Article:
lifecourse of a paper

Working on a paper and proposal that both involved life-course explanations of social phenomena, I realized that my papers have a life-course of their own. I thought I would share:

  • Birth. This is the first glimmer of a new idea. Unfortunately, nature is cruel and mortality at this stage is very high. Some ideas are truly great, but are lost by the time I leave the department/committee/research meeting in which I had their first glimmer. Others were really stillborn: good in principle, impractical in reality. Others needed to be culled for the good of my brood of other, unfinished papers

  • Childhood.These papers survived the trauma of birth. The potential and hope is inspiring and awesome. The thought of what the paper can become overwhelms me with a sense of both pride and sheer terror: at this point all I can do is turn this perfect idea into total mess. But if I leave it alone and just let it be, it will never grow or realize its full potential. When I talk about these child papers, other people tell me how great they are, but all I can think about are the nights that they have kept me up.
  • Adolescence. The paper grows in fits and starts. Parts of it are overdeveloped, others woefully inadequate. It reminds me daily how much it hates me and on many occasions, the feeling is mutual. But I still love it. I remember the difficulty of birth and the pride I felt in its childhood. I know it has potential, even if there are days in which the paper seems to feel it has little. We fight, we argue, we make up. Even on its worst days, I am impressed by how far it has developed and sit in amazement at what it has become.
  • Transition to adulthood. I send it off to the world. I beam with pride and, a little guiltily, delight. It has come so far and grown so much. But with it away, I have a chance to really focus on something else for a while. I don’t have to worry about the constant fighting and bickering. I have raised it and helped it grow into a proper paper that I am proud to share with the world.
  • Young adulthood. I send it off into the world so that they can flourish, but it seems find its way back to me. The harsh realities of the real world of reviewers and editors buffet it. It loses its confidence, and comes home shattered. I don’t have anywhere to put it — I mean I assumed that I had cared for and nurtured them for so long that it was ready for the world. I somehow find room for it, but it sulks because its younger sibling took its room and it’s seat at the kitchen table. It’s relegated to the basement and it thinks that I hate it and that all it does is disappoint me. And, while I am disappointed, I also think about how great it is, I remember our joyous memories. I believe, in my heart of hearts, that the good manuscript it was is somewhere deep down inside of it. I try to make time to show it how much I love it, despite my disappointment. When I talk to people about these papers, they wonder why I care so much and they keep me up at night, but all I can think about is about how great they could be.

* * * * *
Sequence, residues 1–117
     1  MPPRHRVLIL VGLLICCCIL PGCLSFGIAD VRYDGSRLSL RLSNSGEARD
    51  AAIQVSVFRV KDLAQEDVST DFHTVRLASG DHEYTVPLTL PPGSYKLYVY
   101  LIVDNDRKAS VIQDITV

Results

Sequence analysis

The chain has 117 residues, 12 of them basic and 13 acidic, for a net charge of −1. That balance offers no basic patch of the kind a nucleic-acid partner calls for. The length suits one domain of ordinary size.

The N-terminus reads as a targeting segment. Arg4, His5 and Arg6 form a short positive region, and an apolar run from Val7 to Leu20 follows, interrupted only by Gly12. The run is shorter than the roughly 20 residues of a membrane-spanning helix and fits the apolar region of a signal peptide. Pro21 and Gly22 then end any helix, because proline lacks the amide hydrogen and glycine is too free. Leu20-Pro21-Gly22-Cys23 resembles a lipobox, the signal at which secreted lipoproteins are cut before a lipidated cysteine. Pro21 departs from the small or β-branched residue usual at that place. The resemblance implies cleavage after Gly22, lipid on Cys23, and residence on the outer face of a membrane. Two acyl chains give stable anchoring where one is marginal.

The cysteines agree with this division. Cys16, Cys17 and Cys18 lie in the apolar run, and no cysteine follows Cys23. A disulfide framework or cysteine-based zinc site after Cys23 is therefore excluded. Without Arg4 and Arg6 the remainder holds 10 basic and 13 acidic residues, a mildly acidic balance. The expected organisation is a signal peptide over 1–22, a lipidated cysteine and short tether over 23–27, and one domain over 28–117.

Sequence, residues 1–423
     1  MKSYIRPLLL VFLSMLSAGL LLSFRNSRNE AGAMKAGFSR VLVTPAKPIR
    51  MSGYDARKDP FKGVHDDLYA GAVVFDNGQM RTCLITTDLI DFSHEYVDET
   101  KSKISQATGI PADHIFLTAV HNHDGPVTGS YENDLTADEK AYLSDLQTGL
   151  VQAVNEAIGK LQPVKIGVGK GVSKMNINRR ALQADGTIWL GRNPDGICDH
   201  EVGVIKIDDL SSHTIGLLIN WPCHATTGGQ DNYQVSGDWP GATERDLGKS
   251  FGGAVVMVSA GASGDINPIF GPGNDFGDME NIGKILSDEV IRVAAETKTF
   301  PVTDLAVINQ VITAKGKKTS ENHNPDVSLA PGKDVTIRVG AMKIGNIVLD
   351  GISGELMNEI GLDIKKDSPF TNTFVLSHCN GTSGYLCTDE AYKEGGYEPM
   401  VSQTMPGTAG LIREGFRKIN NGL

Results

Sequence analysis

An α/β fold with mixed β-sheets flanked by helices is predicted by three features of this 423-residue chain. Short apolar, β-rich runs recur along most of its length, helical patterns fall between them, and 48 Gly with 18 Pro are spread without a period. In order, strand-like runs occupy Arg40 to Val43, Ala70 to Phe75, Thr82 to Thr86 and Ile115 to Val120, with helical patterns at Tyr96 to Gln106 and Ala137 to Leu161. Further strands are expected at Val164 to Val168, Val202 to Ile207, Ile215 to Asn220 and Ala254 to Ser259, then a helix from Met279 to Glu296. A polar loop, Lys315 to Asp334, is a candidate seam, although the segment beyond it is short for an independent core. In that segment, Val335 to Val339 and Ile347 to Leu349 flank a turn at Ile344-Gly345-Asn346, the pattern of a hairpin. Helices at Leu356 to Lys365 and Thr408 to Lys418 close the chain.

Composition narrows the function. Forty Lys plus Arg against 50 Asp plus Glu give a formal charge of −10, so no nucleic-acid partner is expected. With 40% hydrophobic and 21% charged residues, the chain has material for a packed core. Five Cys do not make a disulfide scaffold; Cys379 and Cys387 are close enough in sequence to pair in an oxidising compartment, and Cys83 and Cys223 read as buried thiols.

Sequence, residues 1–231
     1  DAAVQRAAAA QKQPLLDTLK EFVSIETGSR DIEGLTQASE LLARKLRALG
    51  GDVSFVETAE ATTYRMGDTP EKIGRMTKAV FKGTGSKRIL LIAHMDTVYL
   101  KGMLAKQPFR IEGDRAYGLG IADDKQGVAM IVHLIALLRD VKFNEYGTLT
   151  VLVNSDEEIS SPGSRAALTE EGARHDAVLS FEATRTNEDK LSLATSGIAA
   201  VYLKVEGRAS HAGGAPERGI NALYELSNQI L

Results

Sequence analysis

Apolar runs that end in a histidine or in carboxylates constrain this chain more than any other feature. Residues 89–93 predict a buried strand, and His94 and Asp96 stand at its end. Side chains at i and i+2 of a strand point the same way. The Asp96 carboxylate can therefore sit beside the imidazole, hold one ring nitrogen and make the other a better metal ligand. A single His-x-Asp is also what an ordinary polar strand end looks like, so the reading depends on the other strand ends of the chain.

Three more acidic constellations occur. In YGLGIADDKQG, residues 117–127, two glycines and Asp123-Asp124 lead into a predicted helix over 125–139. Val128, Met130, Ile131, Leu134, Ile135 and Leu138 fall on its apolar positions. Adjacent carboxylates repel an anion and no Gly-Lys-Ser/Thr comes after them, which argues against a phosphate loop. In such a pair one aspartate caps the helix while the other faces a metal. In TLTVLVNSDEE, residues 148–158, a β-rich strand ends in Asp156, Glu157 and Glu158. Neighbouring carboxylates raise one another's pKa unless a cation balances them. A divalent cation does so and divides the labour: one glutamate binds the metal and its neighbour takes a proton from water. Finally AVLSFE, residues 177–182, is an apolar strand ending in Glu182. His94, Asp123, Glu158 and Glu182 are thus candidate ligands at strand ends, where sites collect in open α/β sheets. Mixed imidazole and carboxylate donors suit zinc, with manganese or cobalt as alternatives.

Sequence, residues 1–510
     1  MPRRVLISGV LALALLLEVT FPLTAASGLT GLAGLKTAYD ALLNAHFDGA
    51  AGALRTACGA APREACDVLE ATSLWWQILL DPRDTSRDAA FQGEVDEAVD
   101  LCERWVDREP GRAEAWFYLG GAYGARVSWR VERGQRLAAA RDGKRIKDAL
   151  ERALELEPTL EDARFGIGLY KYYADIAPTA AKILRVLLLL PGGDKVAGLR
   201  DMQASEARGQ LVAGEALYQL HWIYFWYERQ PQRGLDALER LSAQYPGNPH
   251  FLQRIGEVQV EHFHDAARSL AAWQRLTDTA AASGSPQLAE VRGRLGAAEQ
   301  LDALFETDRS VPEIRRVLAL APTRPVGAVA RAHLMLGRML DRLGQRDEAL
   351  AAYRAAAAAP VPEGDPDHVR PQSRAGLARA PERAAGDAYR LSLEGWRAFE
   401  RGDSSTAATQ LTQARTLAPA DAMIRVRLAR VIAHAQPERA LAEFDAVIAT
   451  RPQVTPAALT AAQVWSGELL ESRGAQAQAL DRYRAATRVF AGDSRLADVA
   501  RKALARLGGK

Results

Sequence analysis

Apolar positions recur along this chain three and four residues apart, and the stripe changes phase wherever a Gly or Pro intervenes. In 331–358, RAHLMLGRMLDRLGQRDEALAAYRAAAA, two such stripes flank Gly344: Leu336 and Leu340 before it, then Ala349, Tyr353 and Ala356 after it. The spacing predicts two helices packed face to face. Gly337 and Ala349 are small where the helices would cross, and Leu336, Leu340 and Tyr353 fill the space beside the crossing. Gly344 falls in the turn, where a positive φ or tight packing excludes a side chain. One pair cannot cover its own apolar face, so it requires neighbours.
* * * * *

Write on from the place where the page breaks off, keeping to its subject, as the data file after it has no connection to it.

• Adulthood. The paper goes back into the world and makes it on its own. Maybe it was the love that I showed it when no one else would — reviewers, editors, colleagues — maybe it just stands on its own merits. But it stands proudly, in published form proud of what it accomplished. It might lead a relatively anonymous life, but it leads a life with which it can be proud. And I beam with excitement and enjoyment knowing how hard it worked to get to this point.
  • End-of-life-care. Maybe the digital archives survive, maybe they don’t. In all likelihood it will be among the masses of papers that no-one ever reads, even if it is memorialized for all posterity in an archive somewhere, left for sociologists to argue about the merits of keeping it around 50 years hence.

7 thoughts on “lifecourse of a paper”

  1. Nice idea. Does anyone have a sense what percent of papers that are submitted anywhere (“transition to adulthood”) end up published somewhere (“adulthood”)?

    It’s going to be much higher than the share of submissions that are accepted, even after adjusting for R&Rs, since a paper submitted several places before eventually getting accepted counts as fully making it by this metric .. but is it more like 20%? 40%? 60%+?

    Another way of getting at this: How many rejections does it usually take to get us to give up? Does this change over stages of our careers?


  2. Thanks for this, Mike.

    As the mother of a human adolescent, but also someone who is working on paper that really, really needs to transition into adulthood, the thing you left out there about parenting an adolescent is the almost constant vacillating between wanting your carefree child back and being more than ready to send your difficult teen off into the world to see how tough it is being an adult. Translating this into the realm of writing, it’s where one moment you want to delete entire chunks to try to go back to square one and do things differently this time and the next you consider just sending the thing off – pimples, nasty attitude, and all – to make it someone else’s problem.

    Liked by 2 people

      1. You’ll have your chance. Unlike papers, children cannot be stuffed in drawers or lost in hard drives and ignored or forgotten. That’s good, though. They’re fun to have around, even as teenagers. Certainly more fun than almost-done manuscripts.

        Liked by 1 person

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